"I don't believe in 'selling out,'" says Candy about entering the mainstream. "I'll wear the glitter that'll get your attention because underneath that, I actually have something to say... Pop music gives me this huge platform to reach tons of people and actually stand for positive change. I don't think that's a problem but a lot of people see that as threatening."
And with that, we leave the studio and head to Candyland. As we pull up outside a Spanish-style West Hollywood apartment complex, Candy cautions: "My house is crazy. It's dark, it's creepy, I have like dead animals and stuff everywhere." The car parked out front has a shattered windshield. "My friends told me to make sure I wiped my prints," she jokes. As I enter, disappointment sets in: it looks to me like a standard one bedroom. There's a sectional couch and bananas in the fruit basket. Sure, there are eccentricities -- crystals, candles, a skull here, a bunch of wigs there -- but it's only when I step into Candy's bedroom that my dream is realized. The walls are black and decorated with leather whips. Opposite her bed is a vanity table so extravagant and mesmerizing, I half believe I'll see a younger version of myself staring back at me. Here is the portal of transformative magic I've been anticipating. This is where I can see Candy changing from a warm-hearted pussycat into a badass lady lion. I think back to our early conversation about duality. Brooke just happens to let these two selves coexist simultaneously.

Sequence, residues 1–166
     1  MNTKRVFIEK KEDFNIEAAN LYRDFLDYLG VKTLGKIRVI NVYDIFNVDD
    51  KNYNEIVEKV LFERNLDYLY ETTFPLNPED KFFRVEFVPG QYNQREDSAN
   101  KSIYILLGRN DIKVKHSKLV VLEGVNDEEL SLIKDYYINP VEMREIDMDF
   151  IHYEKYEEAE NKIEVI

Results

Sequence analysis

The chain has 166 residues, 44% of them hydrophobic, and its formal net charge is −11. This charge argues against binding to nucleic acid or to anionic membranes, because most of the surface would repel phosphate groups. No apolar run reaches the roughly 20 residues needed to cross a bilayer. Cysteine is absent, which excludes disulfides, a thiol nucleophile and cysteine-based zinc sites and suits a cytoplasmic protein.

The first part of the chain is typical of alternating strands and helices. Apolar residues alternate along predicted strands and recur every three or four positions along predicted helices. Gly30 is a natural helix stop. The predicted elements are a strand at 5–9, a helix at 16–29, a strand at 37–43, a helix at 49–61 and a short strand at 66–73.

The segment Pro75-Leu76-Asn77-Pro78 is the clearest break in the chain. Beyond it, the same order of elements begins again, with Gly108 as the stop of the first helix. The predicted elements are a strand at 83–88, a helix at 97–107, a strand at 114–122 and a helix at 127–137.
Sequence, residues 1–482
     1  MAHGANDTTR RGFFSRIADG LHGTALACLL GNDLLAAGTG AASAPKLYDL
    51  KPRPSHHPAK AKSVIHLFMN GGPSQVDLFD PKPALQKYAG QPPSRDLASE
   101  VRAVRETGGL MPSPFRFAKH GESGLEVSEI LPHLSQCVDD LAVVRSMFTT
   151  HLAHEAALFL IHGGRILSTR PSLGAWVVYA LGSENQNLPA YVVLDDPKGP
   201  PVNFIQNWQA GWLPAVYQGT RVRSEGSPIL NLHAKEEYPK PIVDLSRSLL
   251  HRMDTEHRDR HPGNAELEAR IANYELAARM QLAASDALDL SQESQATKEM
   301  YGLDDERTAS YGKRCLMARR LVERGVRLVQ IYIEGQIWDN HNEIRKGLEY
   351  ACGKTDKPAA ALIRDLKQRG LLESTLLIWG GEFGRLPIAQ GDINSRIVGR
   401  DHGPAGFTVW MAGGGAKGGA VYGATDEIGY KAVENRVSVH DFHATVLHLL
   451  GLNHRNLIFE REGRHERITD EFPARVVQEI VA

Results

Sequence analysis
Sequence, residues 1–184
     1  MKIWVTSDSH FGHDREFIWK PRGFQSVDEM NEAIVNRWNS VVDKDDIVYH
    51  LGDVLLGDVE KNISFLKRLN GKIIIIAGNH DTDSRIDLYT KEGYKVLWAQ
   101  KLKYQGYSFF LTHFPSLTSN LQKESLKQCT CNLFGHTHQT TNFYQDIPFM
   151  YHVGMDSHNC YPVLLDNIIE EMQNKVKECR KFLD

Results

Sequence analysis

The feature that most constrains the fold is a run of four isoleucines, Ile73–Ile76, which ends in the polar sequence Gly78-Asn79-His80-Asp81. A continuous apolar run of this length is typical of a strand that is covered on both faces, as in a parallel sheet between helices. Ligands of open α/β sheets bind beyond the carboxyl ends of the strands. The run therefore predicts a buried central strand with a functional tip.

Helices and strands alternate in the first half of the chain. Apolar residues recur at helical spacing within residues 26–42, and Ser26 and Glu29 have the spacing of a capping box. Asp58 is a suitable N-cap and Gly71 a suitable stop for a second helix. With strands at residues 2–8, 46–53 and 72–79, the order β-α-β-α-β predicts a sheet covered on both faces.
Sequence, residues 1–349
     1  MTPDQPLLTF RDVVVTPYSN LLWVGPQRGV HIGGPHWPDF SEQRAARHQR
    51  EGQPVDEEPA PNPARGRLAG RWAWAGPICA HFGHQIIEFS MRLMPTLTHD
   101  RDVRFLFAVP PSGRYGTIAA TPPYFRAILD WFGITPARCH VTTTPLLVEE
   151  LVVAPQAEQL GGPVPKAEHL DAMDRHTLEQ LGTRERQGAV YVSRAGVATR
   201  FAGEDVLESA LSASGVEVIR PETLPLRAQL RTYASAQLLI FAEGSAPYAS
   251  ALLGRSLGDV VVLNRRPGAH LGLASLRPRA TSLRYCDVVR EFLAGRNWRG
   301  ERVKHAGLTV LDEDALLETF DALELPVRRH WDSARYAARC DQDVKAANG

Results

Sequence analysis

Hair by Wesley O'Meara at Brydges MacKinney for AG Hair
Makeup by Sammy Mourabit at Streeters for MAC Cosmetics
Nails by Julie Kandalec at Bryan Bantry Agency for Paintbox.
Makeup Assistants Nicole Cho and Kaya Hall
Hair Assistants Dallin James, Katherine Ostergaard and Daisy Schiff
Stylist Assistants Haley Pisaturo, Ian Milan and Derek Murdock
Interns Haley Sherif and Katy Miller.
In our new series, Ladies Who Lunch, cook, co-founder of catering
company bigLITTLE Get Together, Paper Beautiful Person and Marc Jacobs' personal chef, Lauren
Gerrie, will be whipping up lunch -- and conversation -- with some of
our favorite New York City gals.